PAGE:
Knight Blog

The blog of the John S. and James L. Knight Foundation

Benefit concert celebrates historic Miami landmark and raises funds for Olympia Theater

April 26, 2012, 3:26 p.m., Posted by Elizabeth R. Miller

This weekend, a Miami landmark takes an important step into the digital future of film.

The Olympia Theater at the Gusman Center for the Performing Arts is hosting a benefit concert Saturday, bringing together local leaders and talent as part of  its new campaign to digitally upgrade the 86-year-old theater. The effort is part of an overall effort to upgrade the theater’s facilities and engage new audiences in the performing arts.

gusmanThe benefit concert, Renascentia, features Jon Secadathe Spam All-StarsRobert Elias & The RevengeEnrique SantosJencarlos Canela and more. It's scheduled for 8 p.m on Saturday, April 28. Tickets, which start at $20, are available online or by calling 305- 372-0925. With a VIP ticket, audiences are invited to attend a cocktail reception beforehand.

Funds raised will go toward acquiring a new digital film projector for the theater, which will give it the ability to show first run movies, participate in more film festivals and even host live events via satellite.

Pilhofer: Definition of news and journalism interpreted more broadly than before

April 26, 2012, 9:32 a.m., Posted by Aron Pilhofer

Aron Pilhofer, editor of interactive news at the New York Times, was one of the 19 readers for the 2012 Knight News Challenge projects moving on to the next round. Here, he provides his thoughts on the entries the committee considered.  

The folks at Knight asked me to jot down a few thoughts about some of the common themes and interesting trends that emerged from this year's crop of News Challenge applicants -- a task that ended up being a lot harder than I thought it would be.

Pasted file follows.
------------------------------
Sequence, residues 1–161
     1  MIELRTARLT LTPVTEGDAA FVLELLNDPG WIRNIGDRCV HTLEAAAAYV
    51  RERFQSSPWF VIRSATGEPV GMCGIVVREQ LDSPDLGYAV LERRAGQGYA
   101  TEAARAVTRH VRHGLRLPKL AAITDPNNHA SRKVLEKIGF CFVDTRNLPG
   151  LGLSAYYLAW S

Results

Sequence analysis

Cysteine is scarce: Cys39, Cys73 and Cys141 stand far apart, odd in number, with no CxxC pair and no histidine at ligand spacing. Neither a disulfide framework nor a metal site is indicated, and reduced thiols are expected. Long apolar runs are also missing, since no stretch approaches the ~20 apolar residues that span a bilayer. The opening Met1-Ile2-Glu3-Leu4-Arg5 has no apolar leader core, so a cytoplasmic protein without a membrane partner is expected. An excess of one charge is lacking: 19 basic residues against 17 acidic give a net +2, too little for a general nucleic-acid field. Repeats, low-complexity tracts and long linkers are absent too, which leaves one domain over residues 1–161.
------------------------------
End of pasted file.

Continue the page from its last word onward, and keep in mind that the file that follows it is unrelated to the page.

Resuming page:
aronGoing back over the 50-plus entries the committee considered to move forward in the challenge, it finally dawned on me that the one unifying theme of this year's challenge is that there was no unifying theme.

Applicants were entrepreneurs, academics and technologists, pitching projects that touched every imaginable form of digital communications I could have imagined. Remote sensors? Drones? Mesh networks? I can only hope jet pack journalism isn't far behind. As in the past, there were very few applications overall -- and only a handful of folks heading into the final round -- emanating from "traditional" newsrooms. And even those proposals were more about getting information directly into the hands of citizens than they were about improving the toolset available to working journalists.

Report offers funders ways to strengthen funding in mobile, tech

April 25, 2012, 11:13 a.m., Posted by Elizabeth R. Miller

Txt2Wrk, an Apps for Communities prize-winner which helps people with limited Internet access find jobs, is cited in a new report as an example of funding mobile projects for impact.

A new white paper on funding mobile projects seeks to ramp up the conversation among funders as to how they can best support non-profits using technology to achieve their missions. The focus is on mobile by and for underserved communities in the U.S. and suggests ways for funders to strengthen the quality and quantity of support for these efforts.

It features several Knight Foundation approaches to grantmaking, including its Community Information Challenge, which engages community and place-based foundations in playing leading roles in meeting the information needs of their communities.

Funding Mobile Strategies for Social Impact: The Future is Now” is released by ZeroDivide, which works to transform underserved communities through the use of technology. Its 2011 research found a lack of philanthropic investment in mobile strategies for community change. Despite examples of impact and the widespread availability of cell phones (it estimates 87% of the world’s population are now mobile phone users), most funders were unaware of mobile strategies or unclear about how to invest in them.

The paper highlights the “Circuit Rider” program of the Knight Community Information Challenge, which makes tech experts available to help community and place-based foundations think through their proposals to meet local information needs. According to the report, fostering strong ties with technologists is one of the keys to the success for projects.